“People seek out this type of job because they want to tackle issues about the air they breathe or the water they’re drinking,” she says.

Earthjustice was instrumental in the recent U.S. Supreme Court decision that says greenhouse gas must be regulated under the Clean Air Act. It has fought against mountaintop removal mining, and for endangered species listings. The organization is also always looking for volunteers to help with mailing and fundraising, Luperine says. —S.Q.

CONTACTS: Lewis & Clark Law School, (503)768-6600; Earthjustice, (800)584-6460

Green Geeks: Information Technology (IT)

6. Joe Kosisek, IT specialist for the Washington State Department of Ecology, is trained to work in any type of corporate situation; he just happens to be environmentally inclined. With a bachelor’s degree in industrial technology, a master’s in systems management and extensive electronics training, Kosisek uses his skills for a “green” cause. “People think there is some kind of mystery, ‘Where are the ‘green’ jobs?’” says Marie Kerpan, founder of consulting practice Green Careers, “There are a bazillion companies where you can take your skills and put it to work in a ‘green company.’”

In the nonprofit sector, IT work may not require extensive training. “I fell into the IT side of things by working for a small nonprofit in which people wear many hats,” says Megan Hill, program coordinator at EcoVentures International, a nonprofit organization dedicated to the development of sustainable communities and livelihoods. For global organizations like EcoVentures, the Internet is a valuable tool. “The idea that the web can be used for outreach, fundraising and political awareness is very powerful,” says Kerpan. But finding the funds to pay for IT or technical services is a challenge for these organizations. “We must be economically sustainable as well as environmentally sustainable,” says Hill.

For those looking to apply their technical skills toward a “green” career, Hill offers a word of advice. “Be open to starting with little to no pay. It will give you the experience you need to be able to be hired by those few organizations and businesses that can afford to provide the salary that you want.” —Julia Hirsch

CONTACT: EcoVentures International, (202)667-0802

Eco Educators: Green Learning

7. Over the past few years, sustainability coordinators—a job position that didn’t even exist a few years ago—have been joining the ranks of educational institutions looking to “go green.”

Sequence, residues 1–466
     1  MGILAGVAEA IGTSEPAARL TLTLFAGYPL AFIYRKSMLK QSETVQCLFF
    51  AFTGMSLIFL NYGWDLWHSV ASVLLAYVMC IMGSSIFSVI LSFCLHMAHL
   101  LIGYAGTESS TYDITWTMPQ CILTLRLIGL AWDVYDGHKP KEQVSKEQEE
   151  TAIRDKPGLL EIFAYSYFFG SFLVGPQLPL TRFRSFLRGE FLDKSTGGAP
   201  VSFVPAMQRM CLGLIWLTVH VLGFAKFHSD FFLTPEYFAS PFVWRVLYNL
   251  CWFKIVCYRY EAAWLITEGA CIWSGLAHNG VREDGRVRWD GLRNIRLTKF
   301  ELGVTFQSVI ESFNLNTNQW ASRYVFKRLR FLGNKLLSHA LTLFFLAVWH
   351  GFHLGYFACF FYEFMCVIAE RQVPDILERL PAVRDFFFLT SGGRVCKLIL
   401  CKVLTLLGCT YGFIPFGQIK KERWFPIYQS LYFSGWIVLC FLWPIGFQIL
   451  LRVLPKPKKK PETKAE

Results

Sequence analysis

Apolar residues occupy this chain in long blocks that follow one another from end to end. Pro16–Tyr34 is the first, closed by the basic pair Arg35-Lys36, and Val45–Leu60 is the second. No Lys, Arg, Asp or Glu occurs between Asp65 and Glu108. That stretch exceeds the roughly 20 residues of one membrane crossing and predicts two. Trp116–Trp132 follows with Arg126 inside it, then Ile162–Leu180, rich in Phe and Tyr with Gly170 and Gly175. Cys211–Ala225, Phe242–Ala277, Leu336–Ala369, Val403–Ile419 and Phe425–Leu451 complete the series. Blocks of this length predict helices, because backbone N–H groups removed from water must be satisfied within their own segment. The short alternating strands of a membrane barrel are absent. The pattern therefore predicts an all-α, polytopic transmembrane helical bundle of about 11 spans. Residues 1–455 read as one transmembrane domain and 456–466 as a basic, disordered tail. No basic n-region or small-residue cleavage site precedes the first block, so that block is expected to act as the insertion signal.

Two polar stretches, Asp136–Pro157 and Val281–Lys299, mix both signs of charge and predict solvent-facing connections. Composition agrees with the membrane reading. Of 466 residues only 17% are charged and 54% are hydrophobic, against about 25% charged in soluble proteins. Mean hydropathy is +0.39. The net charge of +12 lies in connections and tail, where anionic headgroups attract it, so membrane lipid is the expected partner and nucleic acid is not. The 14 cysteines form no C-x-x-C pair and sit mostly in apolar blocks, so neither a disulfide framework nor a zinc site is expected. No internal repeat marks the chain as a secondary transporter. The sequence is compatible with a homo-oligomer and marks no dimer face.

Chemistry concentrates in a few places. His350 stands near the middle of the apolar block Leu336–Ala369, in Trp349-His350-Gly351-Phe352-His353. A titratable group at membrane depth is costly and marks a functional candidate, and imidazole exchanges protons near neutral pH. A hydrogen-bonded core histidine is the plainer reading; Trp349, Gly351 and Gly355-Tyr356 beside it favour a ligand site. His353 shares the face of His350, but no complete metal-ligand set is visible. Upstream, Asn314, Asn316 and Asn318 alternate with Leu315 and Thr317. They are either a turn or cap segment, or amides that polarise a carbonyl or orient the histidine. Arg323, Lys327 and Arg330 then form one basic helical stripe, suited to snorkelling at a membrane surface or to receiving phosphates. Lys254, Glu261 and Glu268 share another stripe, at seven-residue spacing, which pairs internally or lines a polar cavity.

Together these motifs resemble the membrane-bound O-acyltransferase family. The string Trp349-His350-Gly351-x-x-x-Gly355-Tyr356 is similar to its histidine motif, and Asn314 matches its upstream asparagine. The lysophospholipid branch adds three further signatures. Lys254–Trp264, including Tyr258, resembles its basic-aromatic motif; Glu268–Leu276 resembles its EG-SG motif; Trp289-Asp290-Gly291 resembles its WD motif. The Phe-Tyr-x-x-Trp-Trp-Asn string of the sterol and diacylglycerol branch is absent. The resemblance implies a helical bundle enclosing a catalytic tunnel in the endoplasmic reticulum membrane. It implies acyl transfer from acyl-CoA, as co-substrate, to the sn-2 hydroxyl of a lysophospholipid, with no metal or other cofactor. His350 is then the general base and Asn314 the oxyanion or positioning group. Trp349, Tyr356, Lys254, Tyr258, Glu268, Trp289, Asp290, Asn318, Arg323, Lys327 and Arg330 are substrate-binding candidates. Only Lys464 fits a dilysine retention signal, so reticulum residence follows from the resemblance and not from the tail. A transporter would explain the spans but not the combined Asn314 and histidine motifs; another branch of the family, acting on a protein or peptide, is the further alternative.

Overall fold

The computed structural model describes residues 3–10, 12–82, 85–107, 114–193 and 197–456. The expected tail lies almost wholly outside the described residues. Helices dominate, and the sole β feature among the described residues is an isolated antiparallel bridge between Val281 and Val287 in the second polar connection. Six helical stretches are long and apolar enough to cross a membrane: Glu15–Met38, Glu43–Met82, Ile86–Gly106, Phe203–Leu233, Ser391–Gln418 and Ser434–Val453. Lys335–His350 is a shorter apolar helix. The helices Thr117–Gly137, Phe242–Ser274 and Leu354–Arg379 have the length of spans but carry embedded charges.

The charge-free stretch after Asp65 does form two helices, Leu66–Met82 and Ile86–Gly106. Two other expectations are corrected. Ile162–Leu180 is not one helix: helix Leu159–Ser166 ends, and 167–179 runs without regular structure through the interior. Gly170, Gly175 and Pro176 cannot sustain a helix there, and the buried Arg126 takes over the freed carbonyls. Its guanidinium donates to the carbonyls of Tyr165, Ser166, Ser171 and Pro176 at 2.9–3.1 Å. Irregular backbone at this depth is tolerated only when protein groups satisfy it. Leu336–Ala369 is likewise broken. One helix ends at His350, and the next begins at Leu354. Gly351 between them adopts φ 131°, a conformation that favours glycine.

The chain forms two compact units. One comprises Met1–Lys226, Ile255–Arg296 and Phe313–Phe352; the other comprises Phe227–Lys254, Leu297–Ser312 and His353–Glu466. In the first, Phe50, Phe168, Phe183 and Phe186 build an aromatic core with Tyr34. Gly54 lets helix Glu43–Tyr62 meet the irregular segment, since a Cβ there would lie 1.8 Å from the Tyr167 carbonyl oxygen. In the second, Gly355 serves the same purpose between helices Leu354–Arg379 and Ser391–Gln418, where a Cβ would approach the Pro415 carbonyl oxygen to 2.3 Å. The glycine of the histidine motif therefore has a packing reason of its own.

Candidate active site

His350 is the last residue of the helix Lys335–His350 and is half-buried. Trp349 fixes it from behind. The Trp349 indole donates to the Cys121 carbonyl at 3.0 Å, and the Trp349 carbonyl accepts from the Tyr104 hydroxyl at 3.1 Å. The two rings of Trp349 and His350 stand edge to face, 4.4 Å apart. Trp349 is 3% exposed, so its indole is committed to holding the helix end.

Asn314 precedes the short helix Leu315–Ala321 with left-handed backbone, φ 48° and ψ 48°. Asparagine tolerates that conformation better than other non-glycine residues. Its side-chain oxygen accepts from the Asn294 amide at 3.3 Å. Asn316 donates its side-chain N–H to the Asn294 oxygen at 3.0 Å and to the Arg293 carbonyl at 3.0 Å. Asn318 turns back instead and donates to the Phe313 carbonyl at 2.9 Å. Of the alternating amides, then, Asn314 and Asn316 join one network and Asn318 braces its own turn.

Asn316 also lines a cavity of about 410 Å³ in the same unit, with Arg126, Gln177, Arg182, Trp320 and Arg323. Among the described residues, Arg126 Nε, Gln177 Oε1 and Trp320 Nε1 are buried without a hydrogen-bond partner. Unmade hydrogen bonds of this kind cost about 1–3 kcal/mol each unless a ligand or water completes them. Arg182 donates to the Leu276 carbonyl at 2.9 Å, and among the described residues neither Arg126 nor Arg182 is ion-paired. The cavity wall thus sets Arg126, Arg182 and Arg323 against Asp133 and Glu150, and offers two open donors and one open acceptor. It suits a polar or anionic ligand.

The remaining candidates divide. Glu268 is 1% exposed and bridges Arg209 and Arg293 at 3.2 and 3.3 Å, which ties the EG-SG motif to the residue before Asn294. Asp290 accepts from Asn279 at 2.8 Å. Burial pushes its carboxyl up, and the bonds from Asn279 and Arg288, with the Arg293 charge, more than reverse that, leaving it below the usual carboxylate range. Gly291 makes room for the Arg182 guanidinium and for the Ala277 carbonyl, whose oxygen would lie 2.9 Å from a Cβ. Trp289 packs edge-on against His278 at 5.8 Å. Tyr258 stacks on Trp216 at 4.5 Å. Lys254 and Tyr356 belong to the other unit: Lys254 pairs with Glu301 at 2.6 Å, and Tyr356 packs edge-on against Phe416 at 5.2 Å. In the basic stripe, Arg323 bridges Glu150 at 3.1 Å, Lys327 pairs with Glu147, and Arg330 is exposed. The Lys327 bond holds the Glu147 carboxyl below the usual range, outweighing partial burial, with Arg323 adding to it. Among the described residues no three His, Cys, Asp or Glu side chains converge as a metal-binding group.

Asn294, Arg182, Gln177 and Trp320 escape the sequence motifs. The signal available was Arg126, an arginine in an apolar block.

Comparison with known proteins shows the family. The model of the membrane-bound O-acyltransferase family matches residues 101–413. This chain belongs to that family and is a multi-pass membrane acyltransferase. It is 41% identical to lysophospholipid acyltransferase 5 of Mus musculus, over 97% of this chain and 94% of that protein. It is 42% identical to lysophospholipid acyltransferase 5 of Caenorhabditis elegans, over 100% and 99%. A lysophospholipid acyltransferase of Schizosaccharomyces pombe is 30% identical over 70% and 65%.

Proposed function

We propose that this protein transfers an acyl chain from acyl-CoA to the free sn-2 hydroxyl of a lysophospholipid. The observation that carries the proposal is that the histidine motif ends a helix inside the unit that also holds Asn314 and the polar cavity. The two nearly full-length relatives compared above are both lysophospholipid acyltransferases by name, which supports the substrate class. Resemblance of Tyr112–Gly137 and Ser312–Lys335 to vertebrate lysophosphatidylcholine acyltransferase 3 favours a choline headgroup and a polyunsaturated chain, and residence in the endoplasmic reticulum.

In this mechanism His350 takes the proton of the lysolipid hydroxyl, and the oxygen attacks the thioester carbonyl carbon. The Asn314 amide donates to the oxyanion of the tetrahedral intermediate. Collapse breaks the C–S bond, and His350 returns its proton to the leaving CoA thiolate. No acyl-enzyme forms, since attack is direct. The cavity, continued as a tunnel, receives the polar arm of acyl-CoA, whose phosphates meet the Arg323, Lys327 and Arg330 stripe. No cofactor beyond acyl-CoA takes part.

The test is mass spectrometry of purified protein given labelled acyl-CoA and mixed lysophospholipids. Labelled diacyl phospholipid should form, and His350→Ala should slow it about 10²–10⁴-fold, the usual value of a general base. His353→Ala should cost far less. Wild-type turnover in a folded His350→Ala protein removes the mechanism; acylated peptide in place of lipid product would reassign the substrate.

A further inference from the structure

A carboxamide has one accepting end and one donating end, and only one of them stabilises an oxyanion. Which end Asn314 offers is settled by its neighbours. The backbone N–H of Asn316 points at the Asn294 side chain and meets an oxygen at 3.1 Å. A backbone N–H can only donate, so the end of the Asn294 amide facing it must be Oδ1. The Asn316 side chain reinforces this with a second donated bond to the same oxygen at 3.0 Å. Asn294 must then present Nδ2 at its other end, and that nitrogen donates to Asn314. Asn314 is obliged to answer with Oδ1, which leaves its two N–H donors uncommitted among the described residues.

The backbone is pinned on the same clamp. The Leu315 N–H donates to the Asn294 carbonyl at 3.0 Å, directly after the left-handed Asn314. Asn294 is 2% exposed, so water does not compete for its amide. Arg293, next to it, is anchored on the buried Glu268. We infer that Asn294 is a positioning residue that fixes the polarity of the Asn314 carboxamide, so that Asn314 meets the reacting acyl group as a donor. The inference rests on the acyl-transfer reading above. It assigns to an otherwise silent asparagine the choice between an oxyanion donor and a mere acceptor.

“We get calls constantly from institutions looking to hire sustainability professionals,” said Tom Kimmerer, executive director of the Association for the Advancement of Sustainability in Higher Education (AASHE). In turn, green educators often find job availability in businesses looking for people who have strengths in some aspect of environmental management. “The demand for these people is sector-wide,” says Kimmerer.

Though there aren’t many schools offering degrees in sustainability, that’s beginning to change. “The schools are either converting existing programs or starting new ones,” said Kimmerer.

Dedee DeLongpre, director of the Office of Sustainability at the University of Florida, was part of a pioneer program at Presidio School of Management in San Francisco, which began offering an MBA in Sustainable Management in 2003. “They wove principles of sustainability into all of the coursework,” said DeLongpre. “It was an amazing opportunity.”

DeLongpre says that the best part about her job is working with the students. “Their world isn’t about obstacles,” said DeLongpre, “It’s inspired by possibilities and innovation.” — J.A.K.

CONTACTS: Association for the Advancement of Sustainability in Higher Education, (859)402-9272; Presidio School of Management, (415) 561-6555

Better Builders: Design and Construction

8. Green builders already have a competitive advantage over traditional builders, according to Ashley Katz, communications coordinator for the U.S. Green Building Council (USGBC). And that advantage will continue to grow as sustainable, energy-efficient building practices become the norm.

“USGBC’s vision is sustainability within a generation,” Katz says. “People who are already involved in the green building market are ahead of the curve—they’ll be the ones who are in demand.” USGBC’s Leadership in Energy and Environmental Design (LEED) green building rating system, which once applied primarily to commercial buildings, has now been adapted to homes, retail, schools and healthcare buildings, creating a need for more LEED-accredited professionals (LEED APs) and other green-minded engineers, contractors, architects and designers. There’s also room for more employees in service businesses making green products and materials, from recycled roofing to energy-efficient heating systems.